Reliance on community self-policing has generated some problems. In 2005 the American journalist John Seigenthaler, Sr., discovered that his Wikipedia biography falsely identified him as a potential conspirator in the assassinations of both John F. Kennedy and Robert F. Kennedy and that these malicious claims had survived Wikipedia's community policing for 132 days. The author of this information could not be easily identified, since all that is known about contributors is their computers' IP, or Internet protocol, addresses (many of which are dynamically generated each time a user goes online). (The contributor later confessed and apologized, saying that he wrote the false information as a joke.) Wikipedia administrators have the power to block particular IP addresses—a power they used in 2006 after it was found that staff members of some U.S. congressional representatives had altered articles to eliminate unfavourable information.

      News of such self-interested editing inspired Virgil Griffith, a graduate student at the California Institute of Technology, to create Wikipedia Scanner, or WikiScanner, in 2007. By first downloading the entire Wikipedia corpus, Griffith was able to view all of the edits made to its articles and the IP addresses where the edits originated. He then correlated these addresses with their owners (individuals, corporations, and government entities) to create a database that he made available on the Web for anyone to search through. He and other researchers quickly discovered that editing from computers located in corporations and government offices was widespread. Although most of the edits were innocuous—typically, individuals working on subjects unrelated to their positions—a pattern did seem to emerge of many articles being edited to reflect more favourably on the editors' hosts. Articles on political subjects in particular have become the greatest test of Wikipedia's principle of neutrality. To help on this front, Griffith released another tool, WikiGanda, in 2008. The new database documents some of the site's “edit wars,” or propaganda battles, such as the intermittent efforts of neo-Nazis to rewrite Wikipedia's articles on the Holocaust.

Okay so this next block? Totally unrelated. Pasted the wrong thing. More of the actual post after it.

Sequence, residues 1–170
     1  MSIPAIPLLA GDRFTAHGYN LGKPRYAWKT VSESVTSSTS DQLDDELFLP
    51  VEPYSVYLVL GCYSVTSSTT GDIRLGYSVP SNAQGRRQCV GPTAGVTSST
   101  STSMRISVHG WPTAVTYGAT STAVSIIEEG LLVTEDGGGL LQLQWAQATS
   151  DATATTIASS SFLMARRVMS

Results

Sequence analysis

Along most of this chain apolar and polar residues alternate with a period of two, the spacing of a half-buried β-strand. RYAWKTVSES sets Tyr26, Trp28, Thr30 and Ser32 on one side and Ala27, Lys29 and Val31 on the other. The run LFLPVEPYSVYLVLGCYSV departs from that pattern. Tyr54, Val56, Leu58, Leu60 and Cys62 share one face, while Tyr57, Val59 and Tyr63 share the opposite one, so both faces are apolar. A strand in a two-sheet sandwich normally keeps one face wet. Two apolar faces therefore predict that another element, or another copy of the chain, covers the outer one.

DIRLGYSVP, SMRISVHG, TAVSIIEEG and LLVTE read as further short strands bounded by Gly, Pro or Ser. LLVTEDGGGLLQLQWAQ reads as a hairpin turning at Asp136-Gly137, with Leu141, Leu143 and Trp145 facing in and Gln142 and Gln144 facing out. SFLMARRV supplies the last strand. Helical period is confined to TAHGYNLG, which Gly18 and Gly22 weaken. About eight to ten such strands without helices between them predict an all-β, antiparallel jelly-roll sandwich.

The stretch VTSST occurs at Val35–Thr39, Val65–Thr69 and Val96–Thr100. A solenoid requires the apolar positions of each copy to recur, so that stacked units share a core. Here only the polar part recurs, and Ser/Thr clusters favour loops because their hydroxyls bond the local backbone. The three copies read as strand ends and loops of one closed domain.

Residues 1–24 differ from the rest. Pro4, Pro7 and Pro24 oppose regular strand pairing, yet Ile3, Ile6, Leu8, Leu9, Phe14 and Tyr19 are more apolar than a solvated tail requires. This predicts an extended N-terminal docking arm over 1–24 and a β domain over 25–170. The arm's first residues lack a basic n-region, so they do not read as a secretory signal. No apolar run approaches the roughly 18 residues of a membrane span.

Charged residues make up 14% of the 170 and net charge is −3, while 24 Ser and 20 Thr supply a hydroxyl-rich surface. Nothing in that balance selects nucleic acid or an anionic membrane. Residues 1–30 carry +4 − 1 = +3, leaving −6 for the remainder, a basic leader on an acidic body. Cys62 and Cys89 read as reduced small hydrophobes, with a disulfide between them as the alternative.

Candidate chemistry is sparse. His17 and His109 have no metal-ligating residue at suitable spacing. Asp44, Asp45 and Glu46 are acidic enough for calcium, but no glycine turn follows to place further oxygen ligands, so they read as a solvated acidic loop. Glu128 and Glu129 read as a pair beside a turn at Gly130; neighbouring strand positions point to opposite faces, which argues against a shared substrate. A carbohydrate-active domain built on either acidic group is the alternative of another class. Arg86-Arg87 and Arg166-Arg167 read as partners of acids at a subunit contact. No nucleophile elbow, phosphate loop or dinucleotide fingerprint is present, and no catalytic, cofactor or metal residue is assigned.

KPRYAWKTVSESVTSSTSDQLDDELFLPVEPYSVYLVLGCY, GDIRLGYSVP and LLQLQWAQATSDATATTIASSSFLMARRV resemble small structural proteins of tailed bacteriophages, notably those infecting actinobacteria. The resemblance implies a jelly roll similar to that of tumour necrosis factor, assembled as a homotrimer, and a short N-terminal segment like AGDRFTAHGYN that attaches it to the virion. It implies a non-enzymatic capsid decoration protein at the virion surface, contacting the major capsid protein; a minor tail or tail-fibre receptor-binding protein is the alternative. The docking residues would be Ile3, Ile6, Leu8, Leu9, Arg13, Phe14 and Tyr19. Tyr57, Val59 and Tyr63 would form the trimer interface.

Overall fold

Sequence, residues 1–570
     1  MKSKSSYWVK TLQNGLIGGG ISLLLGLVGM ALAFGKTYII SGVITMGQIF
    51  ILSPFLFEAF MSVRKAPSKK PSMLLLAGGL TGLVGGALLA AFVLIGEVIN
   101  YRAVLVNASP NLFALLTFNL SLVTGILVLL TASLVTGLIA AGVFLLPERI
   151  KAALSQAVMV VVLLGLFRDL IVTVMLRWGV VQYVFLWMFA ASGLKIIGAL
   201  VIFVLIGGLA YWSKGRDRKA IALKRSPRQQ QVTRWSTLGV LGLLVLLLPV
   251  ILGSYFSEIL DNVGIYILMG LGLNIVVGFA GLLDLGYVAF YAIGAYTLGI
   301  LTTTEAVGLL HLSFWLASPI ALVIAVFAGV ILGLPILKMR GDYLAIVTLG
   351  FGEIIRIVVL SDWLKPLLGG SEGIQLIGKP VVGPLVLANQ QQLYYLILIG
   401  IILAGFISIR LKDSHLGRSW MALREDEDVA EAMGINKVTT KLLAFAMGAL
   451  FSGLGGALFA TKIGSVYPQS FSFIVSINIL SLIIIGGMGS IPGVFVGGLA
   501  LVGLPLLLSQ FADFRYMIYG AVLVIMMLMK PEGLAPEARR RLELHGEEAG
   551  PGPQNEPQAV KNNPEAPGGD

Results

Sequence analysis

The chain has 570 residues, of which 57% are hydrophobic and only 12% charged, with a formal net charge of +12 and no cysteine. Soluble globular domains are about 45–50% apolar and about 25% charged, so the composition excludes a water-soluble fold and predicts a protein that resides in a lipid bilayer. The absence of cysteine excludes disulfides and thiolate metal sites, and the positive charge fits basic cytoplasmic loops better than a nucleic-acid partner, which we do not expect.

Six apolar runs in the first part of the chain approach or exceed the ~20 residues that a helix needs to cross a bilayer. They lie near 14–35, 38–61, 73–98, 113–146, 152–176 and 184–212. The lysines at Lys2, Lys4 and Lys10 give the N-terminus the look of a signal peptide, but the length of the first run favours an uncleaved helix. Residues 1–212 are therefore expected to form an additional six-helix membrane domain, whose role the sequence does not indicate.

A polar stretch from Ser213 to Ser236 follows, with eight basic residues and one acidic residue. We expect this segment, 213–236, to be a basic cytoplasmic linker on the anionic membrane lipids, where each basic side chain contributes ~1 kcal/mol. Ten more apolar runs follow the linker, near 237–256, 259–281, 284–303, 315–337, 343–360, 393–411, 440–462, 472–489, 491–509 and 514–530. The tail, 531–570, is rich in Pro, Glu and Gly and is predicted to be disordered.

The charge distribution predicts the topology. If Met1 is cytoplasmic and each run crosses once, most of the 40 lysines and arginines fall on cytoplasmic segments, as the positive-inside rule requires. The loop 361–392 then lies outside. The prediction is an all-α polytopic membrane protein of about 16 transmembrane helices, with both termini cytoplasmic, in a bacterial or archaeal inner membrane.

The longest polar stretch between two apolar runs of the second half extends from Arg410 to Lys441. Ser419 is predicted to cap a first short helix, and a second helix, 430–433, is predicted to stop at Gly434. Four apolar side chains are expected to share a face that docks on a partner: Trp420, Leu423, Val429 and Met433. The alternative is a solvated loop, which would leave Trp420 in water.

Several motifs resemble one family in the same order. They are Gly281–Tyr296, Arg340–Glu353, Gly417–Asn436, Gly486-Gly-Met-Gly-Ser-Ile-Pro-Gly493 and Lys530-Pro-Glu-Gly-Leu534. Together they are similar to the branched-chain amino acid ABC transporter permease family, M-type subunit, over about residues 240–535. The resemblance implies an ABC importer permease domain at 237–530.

For many observers of these controversies, a troubling difference between Wikipedia and other encyclopaedias lies in the absence of editors and authors who will accept responsibility for the accuracy and quality of their articles. These observers point out that identifiable individuals are far easier to hold accountable for mistakes, bias, and bad writing than is a community of anonymous volunteers, but other observers respond that it is not entirely clear if there is a substantial difference. Regardless of such controversies—perhaps in part because of them—Wikipedia has become a model of what the collaborative Internet community can and cannot do.

Michael Aaron Dennis

Additional Reading
Interesting accounts of the possible ramifications of collaborative social efforts over the Internet include Howard Rheingold, Smart Mobs: The Next Social Revolution (2002); David Weinberger, Everything Is Miscellaneous: The Power of the New Digital Disorder (2007); and Clay Shirky, Here Comes Everybody (2008).

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Universalium. 2010.